Detroit Lions Preview: Offense

As others have noted, the Detroit Lions are kind of a big deal offensively. I'll try not to get all hysterical on that point, though the numbers certainly won't calm my nerves. (To alcohol we go!)

This coming Sunday the good guys face off against the 4th most prolific offense in the league, currently, with an intimidating 387.2 YPG. Good news first: We won't have much trouble defending against the run because they don't really do so: The Lions are dead last in total attempts (78) and attempts per game (19.5). So are they just, like, that efficient? Meh, no. Their 3.8 YPC is pretty forgettable at 20th in the league. Testament to their inability to score and make game-changing rushing plays are a meager 3 rushing touchdowns thus far and a long after four games of 24 yards. [Aside: Did you know our longest rushing play of the 2007 season has been 20 yards? Wonderful.] They are surprisingly good at fumbling the ball, though, with 4, bad for 2nd worst in the league.

The bad news: No team has passed for as many total yards as the Lions (1,251). No team has passed for more yards per game than the Lions (312.8). No team has more first downs through the air (64). They complete the 4th most passes (%68.5), average the third most per attempt (8.5), and throw the ball well deep (5th and 2nd in 20+ and 40+ yard completions, with 17 and 4 respectively). If a silver lining exists it is that the Lions have allowed a massive 22 sacks thus far this season, more than any other team, more than the majority of any two teams combined. To contrast the Redskins, Cardinals, Saints, Colts, and Patriots have given up 19 sacks. Combined.

Are these unproductive yards? No, the Lions are 4th in scoring with 28.5 PPG. However they are pretty dismal on third down, converting 32% of the time, which is about 31st in the league, I believe. Also 0-2 on 4th down. I mentioned yesterday that their defense was sloppy? So is the offense: 31 penalties (3rd most in the league) for 204 yards (10th most) tells a story.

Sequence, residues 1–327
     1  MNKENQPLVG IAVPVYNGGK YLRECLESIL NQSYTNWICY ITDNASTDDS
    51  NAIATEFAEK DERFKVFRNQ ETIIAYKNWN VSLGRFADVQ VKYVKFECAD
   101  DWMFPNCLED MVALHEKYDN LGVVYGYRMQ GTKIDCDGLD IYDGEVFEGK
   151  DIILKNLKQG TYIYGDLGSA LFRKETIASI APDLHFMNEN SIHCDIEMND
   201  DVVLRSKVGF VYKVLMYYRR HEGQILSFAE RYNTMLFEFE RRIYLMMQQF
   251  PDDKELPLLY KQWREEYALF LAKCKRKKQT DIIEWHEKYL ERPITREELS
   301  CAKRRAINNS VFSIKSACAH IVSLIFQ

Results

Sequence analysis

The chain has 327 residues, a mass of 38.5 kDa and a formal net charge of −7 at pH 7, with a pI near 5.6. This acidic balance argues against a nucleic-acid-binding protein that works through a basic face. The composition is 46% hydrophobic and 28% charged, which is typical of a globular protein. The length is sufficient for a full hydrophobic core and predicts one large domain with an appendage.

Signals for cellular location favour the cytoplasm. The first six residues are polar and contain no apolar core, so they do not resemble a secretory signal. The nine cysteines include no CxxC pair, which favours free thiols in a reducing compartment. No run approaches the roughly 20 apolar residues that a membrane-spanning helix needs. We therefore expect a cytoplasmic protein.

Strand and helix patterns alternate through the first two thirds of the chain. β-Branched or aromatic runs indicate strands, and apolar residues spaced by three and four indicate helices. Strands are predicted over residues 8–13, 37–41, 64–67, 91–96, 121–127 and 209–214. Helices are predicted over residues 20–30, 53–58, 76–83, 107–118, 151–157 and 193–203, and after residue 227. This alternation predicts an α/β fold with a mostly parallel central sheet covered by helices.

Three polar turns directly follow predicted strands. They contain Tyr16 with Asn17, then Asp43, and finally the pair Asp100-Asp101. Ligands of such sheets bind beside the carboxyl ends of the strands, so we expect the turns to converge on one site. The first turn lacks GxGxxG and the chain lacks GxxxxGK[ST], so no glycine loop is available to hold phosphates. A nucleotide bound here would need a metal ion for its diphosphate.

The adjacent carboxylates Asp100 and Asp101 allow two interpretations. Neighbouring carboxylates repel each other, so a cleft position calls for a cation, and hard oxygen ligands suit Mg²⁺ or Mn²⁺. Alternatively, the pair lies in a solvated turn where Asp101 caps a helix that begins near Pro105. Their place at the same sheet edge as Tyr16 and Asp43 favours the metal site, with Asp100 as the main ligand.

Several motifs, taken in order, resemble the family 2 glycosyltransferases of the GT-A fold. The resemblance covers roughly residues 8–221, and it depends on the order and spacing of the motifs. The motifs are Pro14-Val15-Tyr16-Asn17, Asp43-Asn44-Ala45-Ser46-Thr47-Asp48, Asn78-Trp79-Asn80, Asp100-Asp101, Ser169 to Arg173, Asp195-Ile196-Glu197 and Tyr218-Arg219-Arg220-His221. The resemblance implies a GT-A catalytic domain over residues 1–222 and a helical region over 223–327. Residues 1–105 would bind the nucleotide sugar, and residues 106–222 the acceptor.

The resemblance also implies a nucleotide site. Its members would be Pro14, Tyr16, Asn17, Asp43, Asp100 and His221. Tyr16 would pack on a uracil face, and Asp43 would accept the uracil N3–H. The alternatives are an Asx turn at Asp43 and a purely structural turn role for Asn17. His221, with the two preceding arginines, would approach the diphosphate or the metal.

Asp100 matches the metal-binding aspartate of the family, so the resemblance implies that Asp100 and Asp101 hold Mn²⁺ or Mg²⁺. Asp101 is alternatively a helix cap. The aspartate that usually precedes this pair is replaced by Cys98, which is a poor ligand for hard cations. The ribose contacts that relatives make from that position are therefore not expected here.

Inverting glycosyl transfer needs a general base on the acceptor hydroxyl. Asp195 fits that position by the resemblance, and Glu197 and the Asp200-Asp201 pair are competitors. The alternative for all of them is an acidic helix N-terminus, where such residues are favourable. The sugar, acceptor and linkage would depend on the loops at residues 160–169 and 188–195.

My immediate reaction is that we need, need, need to win the turnover battle. This team fumbles and isn't all that great at protecting the ball, even in the air -- their 6 interceptions thrown is 4th most in the league. That's likely a result of the incredible 22 sacks the team has allowed, a trend I'd be all too happy continuing. Key to the game will be pressure and I am taping this one to review whether Gregg Williams has the brains or cajones to actually do so. This is an outstanding passing team in spite of the fact that they a) suck on third down, b) hang their quarterback out to dry, and c) thus from a) and b) can't control possession (22nd in the league in ToP). This team manages massive yards even under adverse conditions. Ceding them time in the passing game isn't going to help us in the secondary, whatever benefits the coaching staff thinks we get from rushing four with 7 in coverage. One of their prodigious receivers will get open, given time, and Jon Kitna will successfully complete passes to them, given time. Jam the receivers at the line, get your hands up, blitz aggressively, play mean physical football, and hope for benevolent results like tipped interceptions or sack/fumbles.

Let's talk principals. Jon Kitna currently leads the league in passing yards, has the 9th best passer rating, and is completing over 70% of his passes. Roy Williams is 3rd in the league in receiving yards with 388, damn near 100 per game. Both Williams and Shaun McDonald, whoever that is, have more receiving touchdowns than our entire team combined. So you're telling me that the Lions are for serious offensively even without Calvin Johnson? Yea, 'tis true (but he also has as many receiving touchdowns as our entire team).

What says you, Football Outsiders? Actually there's reason to believe that their absolute numbers aren't as impressive as one would think. Detroit is currently 12th in overall Offensive DVOA, 31st in rushing though 8th in passing. Their Wide Receiver DPAR Rankings have Shaun McDonald (5th), Calvin Johnson (16th), and Mike Furrey (30th) all ahead of Roy Williams (44th). News to me. They're reluctant to throw the ball at Tight Ends, though been successful in limited efforts.

Making matters all the worse is that we might have to outscore them sans Santana  Moss. This would be no easy task with The Saint, near Herculean without. Still, look to costly Detroit turnovers to explain why we win or privation thereof to explain why we didn't.

HTTR

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